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Abolition of Meat Day Farm Tour

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In recognition of the first World Day for the Abolition of Meat we took a handful of interested and concerned people to an Auckland pig farm and attempted to go to a broiler farm near by.

The pig farm we visited only had the fattening pens; these are where young piglets are kept until they are about five months old when they are sent to slaughter. The pens were dark and damp and every surface was covered in pig excrement; as were the piglets themselves. Naturally pigs are very clean and would have a dunging area separate to where they sleep, eat and play. In these pens this is impossible for the young pigs.

Many of the pigs had very large growths on their underbellies; one nearly as large as a soccer ball.

Many of the pens also had a runt. It is common for one pig to be smaller than the rest but in this case the smallest pigs looked emaciated. Their backbones and their ribs were all sticking out and their faces were not nearly as full as the rest of the pigs.

We also noticed at least one piglet who had a broken leg and could not get up.

Piglets are very inquisitive animals and it is said that they have the intelligence of a three year old human child. Being confined to pens like this with nothing to do all day is very stressful for these pigs. When we approached them they were very interested in who we were and came to sniff us and nibble on our fingers. They were desperate for stimulation.

Following our visit to this farm we went to a broiler farm down the road. The farmer's dog was barking but we nearly got to the shed door before the farmer came out. So close but so far. Being that we could not get into the sheds now we went up to the farmer and asked if we could look in his sheds because we were interested. He was never going to say yes but it was worth a shot and was a much better look than just running away. We then tried to talk to him about what he was doing. He was not very receptive and did not want to share anything about the industry he was involved in. We tried to talk to him about why his industry was so secretive but he said we had to ring Tegel if we wanted to talk about that. Then, in a very ‘civilized' manner, he escorted us of his property. It was not really very spectacular or eventful at all.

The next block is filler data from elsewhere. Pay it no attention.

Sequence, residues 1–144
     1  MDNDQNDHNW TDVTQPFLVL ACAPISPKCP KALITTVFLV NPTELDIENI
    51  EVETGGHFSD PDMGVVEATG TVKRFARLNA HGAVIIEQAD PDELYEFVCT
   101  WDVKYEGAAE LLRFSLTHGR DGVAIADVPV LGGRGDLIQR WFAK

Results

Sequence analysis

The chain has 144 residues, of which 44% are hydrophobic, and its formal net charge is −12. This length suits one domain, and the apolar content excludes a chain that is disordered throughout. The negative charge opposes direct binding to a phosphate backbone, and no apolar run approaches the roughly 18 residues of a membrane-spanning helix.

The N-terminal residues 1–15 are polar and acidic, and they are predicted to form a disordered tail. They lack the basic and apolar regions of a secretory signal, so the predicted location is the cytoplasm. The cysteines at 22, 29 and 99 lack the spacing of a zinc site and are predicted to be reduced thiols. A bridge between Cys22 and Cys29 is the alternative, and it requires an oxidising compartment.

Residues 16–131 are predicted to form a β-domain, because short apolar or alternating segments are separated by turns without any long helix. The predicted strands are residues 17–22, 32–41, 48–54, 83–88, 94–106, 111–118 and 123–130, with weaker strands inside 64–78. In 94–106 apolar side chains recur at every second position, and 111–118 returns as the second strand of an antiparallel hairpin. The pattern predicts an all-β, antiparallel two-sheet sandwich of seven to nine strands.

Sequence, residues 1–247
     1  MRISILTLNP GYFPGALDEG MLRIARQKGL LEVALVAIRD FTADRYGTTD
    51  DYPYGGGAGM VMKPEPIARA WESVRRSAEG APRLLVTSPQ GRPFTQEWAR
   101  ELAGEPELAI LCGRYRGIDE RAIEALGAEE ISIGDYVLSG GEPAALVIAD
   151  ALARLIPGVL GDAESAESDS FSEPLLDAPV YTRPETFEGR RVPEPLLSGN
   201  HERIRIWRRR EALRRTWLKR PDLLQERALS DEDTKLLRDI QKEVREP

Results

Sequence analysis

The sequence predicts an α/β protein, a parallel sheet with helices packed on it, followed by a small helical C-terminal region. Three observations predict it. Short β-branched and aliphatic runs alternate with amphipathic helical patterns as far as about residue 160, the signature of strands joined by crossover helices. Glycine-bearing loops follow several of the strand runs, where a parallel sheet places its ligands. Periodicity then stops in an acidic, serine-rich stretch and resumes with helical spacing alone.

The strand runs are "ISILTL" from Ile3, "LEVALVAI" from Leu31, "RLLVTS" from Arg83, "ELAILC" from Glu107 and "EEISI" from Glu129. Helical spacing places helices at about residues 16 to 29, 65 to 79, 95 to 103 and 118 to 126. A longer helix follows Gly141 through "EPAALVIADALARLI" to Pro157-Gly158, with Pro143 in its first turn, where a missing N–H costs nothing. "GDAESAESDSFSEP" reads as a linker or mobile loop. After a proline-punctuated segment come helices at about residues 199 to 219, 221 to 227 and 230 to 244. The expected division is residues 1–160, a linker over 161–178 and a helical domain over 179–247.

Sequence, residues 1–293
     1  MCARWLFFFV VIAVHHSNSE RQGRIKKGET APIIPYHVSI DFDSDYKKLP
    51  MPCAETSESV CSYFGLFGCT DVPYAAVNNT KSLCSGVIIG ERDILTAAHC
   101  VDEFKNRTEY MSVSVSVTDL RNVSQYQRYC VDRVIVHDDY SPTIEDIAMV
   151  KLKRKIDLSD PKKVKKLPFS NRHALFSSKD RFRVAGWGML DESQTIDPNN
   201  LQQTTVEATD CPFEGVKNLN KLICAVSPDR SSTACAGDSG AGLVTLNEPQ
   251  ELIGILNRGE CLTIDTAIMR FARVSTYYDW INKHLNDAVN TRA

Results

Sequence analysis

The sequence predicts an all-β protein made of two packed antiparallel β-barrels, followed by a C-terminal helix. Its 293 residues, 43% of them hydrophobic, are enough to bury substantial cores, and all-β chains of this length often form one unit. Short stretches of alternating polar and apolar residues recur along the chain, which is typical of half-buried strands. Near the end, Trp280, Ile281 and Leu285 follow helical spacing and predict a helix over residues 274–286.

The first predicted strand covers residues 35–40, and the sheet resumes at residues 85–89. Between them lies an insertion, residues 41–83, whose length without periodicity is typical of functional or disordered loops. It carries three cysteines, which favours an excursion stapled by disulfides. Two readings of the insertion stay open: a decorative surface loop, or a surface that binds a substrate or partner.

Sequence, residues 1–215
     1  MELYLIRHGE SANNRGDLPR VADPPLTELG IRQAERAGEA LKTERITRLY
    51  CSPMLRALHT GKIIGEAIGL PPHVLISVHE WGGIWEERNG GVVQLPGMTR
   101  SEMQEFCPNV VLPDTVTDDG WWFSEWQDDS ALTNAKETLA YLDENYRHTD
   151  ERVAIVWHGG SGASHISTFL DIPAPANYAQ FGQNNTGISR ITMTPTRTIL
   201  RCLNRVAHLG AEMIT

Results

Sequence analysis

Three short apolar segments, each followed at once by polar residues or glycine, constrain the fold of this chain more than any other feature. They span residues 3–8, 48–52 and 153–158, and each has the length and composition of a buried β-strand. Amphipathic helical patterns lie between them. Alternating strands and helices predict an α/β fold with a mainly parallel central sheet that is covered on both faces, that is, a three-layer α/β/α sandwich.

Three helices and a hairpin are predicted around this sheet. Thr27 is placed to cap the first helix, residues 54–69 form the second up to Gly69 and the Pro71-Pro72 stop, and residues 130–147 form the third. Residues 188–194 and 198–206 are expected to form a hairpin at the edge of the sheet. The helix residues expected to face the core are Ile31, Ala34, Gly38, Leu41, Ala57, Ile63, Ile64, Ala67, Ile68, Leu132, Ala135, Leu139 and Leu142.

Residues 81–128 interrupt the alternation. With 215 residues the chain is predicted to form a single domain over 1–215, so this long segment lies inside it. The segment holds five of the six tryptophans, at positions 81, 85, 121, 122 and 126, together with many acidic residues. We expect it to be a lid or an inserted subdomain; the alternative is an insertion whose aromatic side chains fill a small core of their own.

It was the first time that we have seen (or been seen) by a farmer while undertaking a Farm Tour but it was always going to happen at some point. During our workshops before the tour we always discuss that fact that this could happen and understandably this possibility makes some people a bit apprehensive so while we did not get to see inside the broiler farm on this visit it was good for people to meet a farmer and see what it was like to be caught on a farm. After this experience the people on the Tour will have more confidence for next time.

For more images visit http://www.animalliberationaotearoa.org.nz/Gallery/View-Gallery/Abolitio...

To read more about the plight of pigs in Aotearoa visit http://www.animalliberationaotearoa.org.nz/Issues/View-Issue/Pig-Farming/

To read more about the plight of broiler chickens is Aotearoa visit http://www.animalliberationaotearoa.org.nz/Issues/View-Issue/Pig-Farming/

To read about our previous Farm Tours visit http://www.animalliberationaotearoa.org.nz/Farm-Tours/

Email us on admin@animalliberationaotearoa.org.nz if you want to come on our next Farm Tour and we will add you to our email list.

Related

http://www.animalliberationaotearoa.org.nz

Comments

Re: Abolition of Meat Day Farm Tour

those poor pigs ,they are sensitive ,intelligent creatures....an excellent iniative from a pro active group that i have a lot of respect for

Re: Abolition of Meat Day Farm Tour

Choice. Much respect.

I still think however that trying to 'abolish meat' is a bit like getting pigs to fly. How about 'abolish intensive animal farming'? I'm yet to see a viable way for sustainable vegan diets in Aotearoa.

Re: Abolition of Meat Day Farm Tour

what do you mean sustainable veganism? being a vegan is easy and sustainable as opposed to the meat /dairy industry

Re: Re: Abolition of Meat Day Farm Tour

really?

Re: Abolition of Meat Day Farm Tour

I love bacon. I will never stop eating it.

You people are fundamentalists, extremists, absolutists.

Eating meat is a natural thing to do, as is not eating meat.

Re: Abolition of Meat Day Farm Tour

eating meat is a natural thing to do,thats debatele,and all the processed fatty meats contribute to heart disease and type 2 diabetes ,when i go shopping i see overweight pale ppl with trolleys overflowing with such said rubbish and dairy,what makes these ppl extremist .. just because they have compassion and choose a healthy ,caring diet ...you are just a ignorant ,mean individual

Abolition of Meat Day Farm Tour a joke!

Taking a tour and not following it up with direct action is a copout. NOW WHAT! Looks like the ALA are only SAFE copycats and into empire building.